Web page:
Parkland Hospital Audits Raise Troubling Questions

John Commins, for HealthLeaders Media , August 29, 2011

Audits such as these also undermine assertions that "frivolous" medical malpractice lawsuits are driving up healthcare costs. It's a hard sell for hospitals to claim they're the victims of opportunistic trial lawyers when hospital workers aren't doing something as basic as washing their hands. Before asking patients to surrender their right to legal redress, healthcare needs to clean up its act.

A detailed study of the workplace culture at Parkland Hospital should be conducted to determine what led to this breakdown in fundamental operations, chain-of-command, accountability, and employee engagement. It is important that we know why because what happened at Parkland could happen -- and has happened -- elsewhere.

There must be caring, compassionate and competent healthcare professionals at Parkland. So, where were they? How could staff allow such wholesale chaos to occur? Were attempts to bring these potentially lethal threats to patient health and safety to light ignored or discouraged by hospital leadership? Or were the systemic failures at Parkland so great that staff simply gave up trying?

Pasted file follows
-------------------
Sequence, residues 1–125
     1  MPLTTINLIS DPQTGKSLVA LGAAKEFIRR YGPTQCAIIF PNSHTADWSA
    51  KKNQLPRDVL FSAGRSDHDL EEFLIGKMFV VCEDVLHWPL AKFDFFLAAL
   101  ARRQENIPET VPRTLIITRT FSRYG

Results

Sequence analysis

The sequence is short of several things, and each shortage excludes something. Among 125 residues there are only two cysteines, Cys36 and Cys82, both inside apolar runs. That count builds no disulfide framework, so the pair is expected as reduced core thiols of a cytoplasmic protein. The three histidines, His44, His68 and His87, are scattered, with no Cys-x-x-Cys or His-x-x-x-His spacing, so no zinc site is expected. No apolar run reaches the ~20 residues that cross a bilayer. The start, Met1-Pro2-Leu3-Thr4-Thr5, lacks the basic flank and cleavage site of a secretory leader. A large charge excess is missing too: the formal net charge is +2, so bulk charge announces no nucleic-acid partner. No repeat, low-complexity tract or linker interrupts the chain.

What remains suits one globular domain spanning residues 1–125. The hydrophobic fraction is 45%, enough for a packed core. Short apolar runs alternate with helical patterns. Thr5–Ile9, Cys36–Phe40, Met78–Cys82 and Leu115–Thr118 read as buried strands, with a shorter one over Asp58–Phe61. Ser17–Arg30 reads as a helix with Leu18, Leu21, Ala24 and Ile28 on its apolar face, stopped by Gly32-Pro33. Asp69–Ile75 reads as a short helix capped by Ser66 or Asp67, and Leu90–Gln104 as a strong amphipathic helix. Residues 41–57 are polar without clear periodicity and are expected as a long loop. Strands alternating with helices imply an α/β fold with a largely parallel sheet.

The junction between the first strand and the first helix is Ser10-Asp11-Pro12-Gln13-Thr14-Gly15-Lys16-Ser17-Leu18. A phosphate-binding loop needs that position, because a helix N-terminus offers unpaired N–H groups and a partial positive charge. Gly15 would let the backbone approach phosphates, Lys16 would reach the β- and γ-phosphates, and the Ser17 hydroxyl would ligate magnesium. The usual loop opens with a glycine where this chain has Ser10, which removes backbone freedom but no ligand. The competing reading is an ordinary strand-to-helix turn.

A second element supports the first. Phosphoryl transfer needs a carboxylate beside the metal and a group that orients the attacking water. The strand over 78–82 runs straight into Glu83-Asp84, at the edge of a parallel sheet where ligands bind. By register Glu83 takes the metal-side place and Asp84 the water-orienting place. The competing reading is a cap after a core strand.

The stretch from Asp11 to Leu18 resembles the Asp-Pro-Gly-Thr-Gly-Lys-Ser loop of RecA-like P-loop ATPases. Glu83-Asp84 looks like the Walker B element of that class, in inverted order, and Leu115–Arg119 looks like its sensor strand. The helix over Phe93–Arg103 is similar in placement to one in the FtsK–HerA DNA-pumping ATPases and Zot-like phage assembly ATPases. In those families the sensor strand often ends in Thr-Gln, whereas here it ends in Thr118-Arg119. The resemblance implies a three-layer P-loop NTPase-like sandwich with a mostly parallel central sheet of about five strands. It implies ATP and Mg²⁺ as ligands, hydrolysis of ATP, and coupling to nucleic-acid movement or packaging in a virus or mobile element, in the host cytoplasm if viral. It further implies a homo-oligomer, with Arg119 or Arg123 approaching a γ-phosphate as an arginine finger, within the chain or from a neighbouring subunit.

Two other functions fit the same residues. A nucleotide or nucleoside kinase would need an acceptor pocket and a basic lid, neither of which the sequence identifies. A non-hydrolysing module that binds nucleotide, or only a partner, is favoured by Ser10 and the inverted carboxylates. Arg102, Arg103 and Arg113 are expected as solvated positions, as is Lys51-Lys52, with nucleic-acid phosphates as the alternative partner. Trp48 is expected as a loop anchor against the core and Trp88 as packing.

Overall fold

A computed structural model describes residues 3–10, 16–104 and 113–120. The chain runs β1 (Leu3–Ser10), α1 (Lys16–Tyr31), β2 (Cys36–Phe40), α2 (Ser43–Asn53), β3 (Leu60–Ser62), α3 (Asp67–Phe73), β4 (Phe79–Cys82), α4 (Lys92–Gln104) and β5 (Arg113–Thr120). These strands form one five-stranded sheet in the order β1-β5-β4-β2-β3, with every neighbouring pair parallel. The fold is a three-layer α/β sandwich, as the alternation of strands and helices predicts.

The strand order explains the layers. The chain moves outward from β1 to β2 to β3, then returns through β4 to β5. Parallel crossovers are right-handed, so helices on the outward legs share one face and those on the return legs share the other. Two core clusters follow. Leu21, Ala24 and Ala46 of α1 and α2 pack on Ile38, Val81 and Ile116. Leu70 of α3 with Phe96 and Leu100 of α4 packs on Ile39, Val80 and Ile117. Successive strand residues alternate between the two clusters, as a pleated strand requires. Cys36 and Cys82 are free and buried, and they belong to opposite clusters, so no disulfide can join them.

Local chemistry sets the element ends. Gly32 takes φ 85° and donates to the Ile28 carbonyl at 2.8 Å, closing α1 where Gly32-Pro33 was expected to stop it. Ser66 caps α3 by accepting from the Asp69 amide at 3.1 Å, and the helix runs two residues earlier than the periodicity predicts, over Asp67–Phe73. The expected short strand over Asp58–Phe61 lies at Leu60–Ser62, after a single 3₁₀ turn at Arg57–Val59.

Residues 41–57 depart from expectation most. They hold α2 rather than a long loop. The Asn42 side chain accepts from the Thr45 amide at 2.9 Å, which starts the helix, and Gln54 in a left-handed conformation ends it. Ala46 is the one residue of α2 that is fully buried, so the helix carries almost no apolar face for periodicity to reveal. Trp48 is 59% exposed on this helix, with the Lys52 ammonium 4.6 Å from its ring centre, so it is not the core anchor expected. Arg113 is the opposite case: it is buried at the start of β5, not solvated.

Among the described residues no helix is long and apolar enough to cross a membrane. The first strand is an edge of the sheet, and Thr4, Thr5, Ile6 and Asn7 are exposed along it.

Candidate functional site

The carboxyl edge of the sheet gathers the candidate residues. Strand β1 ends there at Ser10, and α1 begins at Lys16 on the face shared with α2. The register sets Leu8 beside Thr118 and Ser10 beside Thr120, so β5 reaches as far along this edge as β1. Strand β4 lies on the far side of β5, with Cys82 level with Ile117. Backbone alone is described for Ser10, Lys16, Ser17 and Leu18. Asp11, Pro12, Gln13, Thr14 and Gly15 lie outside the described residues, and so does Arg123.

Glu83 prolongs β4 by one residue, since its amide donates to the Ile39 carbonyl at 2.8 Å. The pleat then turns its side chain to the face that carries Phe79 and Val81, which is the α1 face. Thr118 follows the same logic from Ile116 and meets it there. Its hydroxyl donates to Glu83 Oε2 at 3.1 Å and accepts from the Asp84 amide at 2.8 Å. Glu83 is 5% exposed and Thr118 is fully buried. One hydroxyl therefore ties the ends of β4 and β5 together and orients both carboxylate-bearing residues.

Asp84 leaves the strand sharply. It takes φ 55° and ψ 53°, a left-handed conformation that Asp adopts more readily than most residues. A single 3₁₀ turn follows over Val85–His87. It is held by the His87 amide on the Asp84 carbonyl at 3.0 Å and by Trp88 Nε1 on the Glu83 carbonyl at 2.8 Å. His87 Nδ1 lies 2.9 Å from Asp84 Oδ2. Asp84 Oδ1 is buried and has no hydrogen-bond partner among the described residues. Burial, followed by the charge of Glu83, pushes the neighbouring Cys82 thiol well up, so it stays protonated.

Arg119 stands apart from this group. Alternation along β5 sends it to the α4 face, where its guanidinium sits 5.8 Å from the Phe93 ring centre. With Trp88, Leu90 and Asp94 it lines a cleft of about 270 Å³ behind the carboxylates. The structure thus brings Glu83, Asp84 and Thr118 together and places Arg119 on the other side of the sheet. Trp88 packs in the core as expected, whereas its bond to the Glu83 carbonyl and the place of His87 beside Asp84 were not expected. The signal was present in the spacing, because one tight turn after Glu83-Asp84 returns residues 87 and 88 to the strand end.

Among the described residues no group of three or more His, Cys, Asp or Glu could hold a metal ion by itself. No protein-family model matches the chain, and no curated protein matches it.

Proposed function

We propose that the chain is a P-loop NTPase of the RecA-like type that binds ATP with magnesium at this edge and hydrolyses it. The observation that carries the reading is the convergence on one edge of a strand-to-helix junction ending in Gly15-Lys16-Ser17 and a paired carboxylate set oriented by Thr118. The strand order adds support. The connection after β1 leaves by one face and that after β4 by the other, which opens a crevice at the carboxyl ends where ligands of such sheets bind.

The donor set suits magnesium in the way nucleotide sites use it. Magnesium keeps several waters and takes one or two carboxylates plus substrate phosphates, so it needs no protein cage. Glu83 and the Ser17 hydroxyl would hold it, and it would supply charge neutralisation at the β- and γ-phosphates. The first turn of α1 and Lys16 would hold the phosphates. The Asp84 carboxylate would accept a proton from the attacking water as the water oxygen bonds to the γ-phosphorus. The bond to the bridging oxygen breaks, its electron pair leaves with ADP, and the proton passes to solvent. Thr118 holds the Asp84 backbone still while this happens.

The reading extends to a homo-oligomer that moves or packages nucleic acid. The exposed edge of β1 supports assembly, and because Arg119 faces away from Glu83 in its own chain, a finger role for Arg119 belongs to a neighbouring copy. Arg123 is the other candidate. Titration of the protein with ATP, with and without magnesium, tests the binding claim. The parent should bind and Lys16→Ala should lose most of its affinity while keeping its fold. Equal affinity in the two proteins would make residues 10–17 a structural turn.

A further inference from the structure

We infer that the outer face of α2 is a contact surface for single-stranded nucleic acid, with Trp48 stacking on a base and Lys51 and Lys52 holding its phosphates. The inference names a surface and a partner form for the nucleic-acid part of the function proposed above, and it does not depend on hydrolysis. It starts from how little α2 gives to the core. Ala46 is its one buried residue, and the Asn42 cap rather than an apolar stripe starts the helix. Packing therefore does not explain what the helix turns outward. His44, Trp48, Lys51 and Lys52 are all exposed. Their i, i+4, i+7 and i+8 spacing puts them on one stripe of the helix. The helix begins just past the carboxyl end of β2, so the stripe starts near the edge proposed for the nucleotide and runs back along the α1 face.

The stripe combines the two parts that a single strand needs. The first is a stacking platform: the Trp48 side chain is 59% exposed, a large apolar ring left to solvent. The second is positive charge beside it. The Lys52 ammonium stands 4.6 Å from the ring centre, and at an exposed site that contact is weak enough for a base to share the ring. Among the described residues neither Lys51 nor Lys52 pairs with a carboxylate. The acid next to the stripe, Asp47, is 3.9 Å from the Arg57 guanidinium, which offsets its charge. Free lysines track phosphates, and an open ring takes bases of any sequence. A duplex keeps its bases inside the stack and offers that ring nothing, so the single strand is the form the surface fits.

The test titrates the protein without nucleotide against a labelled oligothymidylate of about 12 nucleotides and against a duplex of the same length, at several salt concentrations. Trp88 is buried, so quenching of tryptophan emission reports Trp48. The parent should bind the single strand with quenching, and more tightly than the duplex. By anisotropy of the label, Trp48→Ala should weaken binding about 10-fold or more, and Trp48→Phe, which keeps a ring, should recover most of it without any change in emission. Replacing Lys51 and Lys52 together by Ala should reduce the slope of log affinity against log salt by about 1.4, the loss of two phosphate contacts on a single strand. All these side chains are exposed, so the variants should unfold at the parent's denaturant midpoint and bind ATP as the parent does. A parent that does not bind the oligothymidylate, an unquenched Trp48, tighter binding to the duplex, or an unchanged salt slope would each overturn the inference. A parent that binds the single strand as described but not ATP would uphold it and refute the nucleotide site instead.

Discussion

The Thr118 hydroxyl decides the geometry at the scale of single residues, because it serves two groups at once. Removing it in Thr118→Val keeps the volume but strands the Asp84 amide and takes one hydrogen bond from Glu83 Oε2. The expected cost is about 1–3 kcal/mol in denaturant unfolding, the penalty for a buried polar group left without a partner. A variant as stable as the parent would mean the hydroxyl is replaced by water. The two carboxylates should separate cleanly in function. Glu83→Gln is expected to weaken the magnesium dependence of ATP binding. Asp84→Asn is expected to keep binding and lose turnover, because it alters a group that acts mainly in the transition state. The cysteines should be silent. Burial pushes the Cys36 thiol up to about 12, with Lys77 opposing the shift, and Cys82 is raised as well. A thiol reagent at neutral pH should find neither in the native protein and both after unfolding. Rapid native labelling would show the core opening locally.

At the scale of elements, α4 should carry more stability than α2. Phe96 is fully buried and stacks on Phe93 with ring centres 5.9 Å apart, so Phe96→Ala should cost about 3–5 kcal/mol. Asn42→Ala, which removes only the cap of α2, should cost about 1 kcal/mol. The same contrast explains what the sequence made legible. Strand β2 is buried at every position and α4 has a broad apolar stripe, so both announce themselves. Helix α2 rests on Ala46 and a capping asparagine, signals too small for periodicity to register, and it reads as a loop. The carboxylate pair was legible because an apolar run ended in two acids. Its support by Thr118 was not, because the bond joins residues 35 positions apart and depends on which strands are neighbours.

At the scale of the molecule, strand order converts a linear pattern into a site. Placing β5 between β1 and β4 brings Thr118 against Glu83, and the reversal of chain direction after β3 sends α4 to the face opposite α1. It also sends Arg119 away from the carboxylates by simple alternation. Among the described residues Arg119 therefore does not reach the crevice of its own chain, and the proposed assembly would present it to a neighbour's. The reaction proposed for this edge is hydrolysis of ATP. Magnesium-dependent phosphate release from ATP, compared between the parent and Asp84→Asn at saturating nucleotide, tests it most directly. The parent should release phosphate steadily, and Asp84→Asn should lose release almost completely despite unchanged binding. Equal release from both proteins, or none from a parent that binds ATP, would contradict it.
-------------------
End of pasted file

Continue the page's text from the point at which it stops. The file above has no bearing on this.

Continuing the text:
What would drive a considerable number of educated, competent, compassionate and decent healthcare professionals at Parkland to ignore the safety and well-being of their patients? How did these healthcare professionals get to this painful point?


John Commins is a senior editor with HealthLeaders Media.

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2 comments on "Parkland Hospital Audits Raise Troubling Questions"

Spangler (9/7/2011 at 12:16 AM)
Everything listed is preventable. Sure the media juices it up but it's really just the principle of it. There is one thing not listed: the letters sent to recent mothers to urgently get tested for aids if they delivered at parkland in the last few months. Tell me that's not scary?! Wildfires=not controlled clean hospital beds and proper disposal= controlled. Our human population= controlled by Parkland. there really is no excuse and there's a reason its getting blasted!

Kathy Wire (8/30/2011 at 10:15 AM)
I agree with your basic concepts in this article. However, I suspect that many hospitals would face a similar verdict if faced with the intensity and manpower dedicated to the survey of Parkland. I fear that your article will allow many of them to hold up their noses, presuming that they are "better." Instead, we should all look at the survey and the publicity surrounding it and say, "There but for the grace of...."




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